La “tragedia” de los ñáñigos

Wilfredo Lam: The Jungle

Wilfredo Lam: The Jungle (Photo credit: unbearable lightness)

At the book fair in Havana’s Plaza de Armas I got a pamphlet on a particular variant of Afro-Cuban religion, the religion of the ñáñigos.  I’d been fascinated by Afro-Latin syncretistic religions since a Brazilian fiction class I took as an undergrad, and before going to Cuba I’d known about Santería. (I’d initially learned about Santería from the 1993 Supreme Court case that ruled that it was unconstitutional for the City of Hialeah to prohibit animal sacrifice in their city limits specifically to keep out the Santería community.)

Cubans are proud of their culture and I heard a lot about “Afro-Cuban religion” while I was there, but it wasn’t until a conversation that I had with the bookseller who sold me the pamphlet that I understood the varieties of Afro-Cuban religion.  I had never heard of Avakúa, the religion of the ñáñigos, before that conversation.  But have since learned of its deep impact on Cuban identity, culture, and society.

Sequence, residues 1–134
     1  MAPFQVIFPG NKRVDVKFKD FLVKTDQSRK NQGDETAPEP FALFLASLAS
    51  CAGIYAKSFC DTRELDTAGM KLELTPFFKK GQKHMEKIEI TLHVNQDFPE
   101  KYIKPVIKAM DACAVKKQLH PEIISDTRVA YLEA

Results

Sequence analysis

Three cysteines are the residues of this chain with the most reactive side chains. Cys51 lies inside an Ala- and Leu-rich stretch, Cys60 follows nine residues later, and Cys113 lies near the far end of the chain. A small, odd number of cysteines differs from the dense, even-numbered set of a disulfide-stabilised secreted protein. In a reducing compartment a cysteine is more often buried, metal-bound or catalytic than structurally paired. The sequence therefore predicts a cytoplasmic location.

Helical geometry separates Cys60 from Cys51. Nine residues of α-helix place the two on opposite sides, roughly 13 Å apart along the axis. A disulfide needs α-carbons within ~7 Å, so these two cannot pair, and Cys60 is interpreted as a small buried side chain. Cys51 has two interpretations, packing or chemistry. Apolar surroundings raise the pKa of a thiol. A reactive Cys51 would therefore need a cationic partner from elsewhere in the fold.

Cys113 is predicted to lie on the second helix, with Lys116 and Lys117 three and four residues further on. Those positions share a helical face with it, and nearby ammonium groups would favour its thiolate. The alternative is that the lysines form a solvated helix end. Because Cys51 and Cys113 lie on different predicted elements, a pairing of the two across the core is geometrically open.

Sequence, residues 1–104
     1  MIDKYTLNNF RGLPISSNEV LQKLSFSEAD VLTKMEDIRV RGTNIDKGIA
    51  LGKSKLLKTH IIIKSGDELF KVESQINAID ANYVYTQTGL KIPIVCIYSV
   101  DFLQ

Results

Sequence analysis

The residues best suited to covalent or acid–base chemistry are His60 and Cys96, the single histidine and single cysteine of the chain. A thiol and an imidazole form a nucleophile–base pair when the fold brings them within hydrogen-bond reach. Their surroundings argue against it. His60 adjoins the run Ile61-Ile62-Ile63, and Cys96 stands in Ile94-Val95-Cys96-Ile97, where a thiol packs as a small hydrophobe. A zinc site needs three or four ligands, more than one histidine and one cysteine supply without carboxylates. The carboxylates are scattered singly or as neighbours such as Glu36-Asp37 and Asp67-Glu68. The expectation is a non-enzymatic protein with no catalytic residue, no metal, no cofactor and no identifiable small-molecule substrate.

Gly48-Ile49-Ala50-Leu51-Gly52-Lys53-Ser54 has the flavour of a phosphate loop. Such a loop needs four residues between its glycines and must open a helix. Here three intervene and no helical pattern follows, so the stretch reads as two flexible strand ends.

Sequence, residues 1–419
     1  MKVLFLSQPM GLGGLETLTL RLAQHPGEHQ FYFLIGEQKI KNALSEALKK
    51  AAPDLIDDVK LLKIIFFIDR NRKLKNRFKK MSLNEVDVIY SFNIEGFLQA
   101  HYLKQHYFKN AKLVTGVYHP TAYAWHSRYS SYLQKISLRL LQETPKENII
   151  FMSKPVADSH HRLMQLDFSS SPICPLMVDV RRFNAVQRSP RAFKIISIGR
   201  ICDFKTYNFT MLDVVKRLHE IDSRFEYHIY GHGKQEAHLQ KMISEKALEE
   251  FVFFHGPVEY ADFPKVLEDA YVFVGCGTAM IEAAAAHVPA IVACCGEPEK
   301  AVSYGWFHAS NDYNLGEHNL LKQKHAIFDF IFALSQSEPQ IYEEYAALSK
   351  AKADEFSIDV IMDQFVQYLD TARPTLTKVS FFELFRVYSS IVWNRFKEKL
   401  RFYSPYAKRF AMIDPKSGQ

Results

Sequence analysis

The pamphlet was written by Fernando Ortiz, a scholar of Cuban culture and religion who claims to have coined the term “Afro-Cuban.” The “tragedy” of the pamphlet’s title refers to the theatricality of a central ritual involving the sacrifice of a brother-goat.  But the story of ñáñigos, members of a male-only secret society with roots in West Africa (and according to  Ortiz, perhaps even traces of rituals from classical Mediterranean religions) is anything but tragic.  The unique costumes of the írime figures, who are featured in Avakúa spectacles, are characteristic motifs in Cuban visual art from the 19th century Victor Patricio Landaluze to the 20th century avant-garde painter Wilfredo Lam.   The percussive rhythms accompanying rites and ceremonies are believed to be the source of the distinctive rumba beat. And one article I came across, described the positive political influence of the Avakúa as follows:

“[I]ts secret character was politically positive as its fearless, valiant male members actively participated in the struggles against slavery, against Spanish colonialism, labour unions, and the defeat of United States aggression against the young Cuban revolution in 1961.” See Shubi L. Ishemo, “From Africa to Cuba: An Historical Analysis of the Sociedad Secreta Abakuá (Ñañiguismo).” Review of African Political Economy Vol. 29, No. 92, Africa, the African Diaspora and Development (Jun., 2002), pp. 253-272.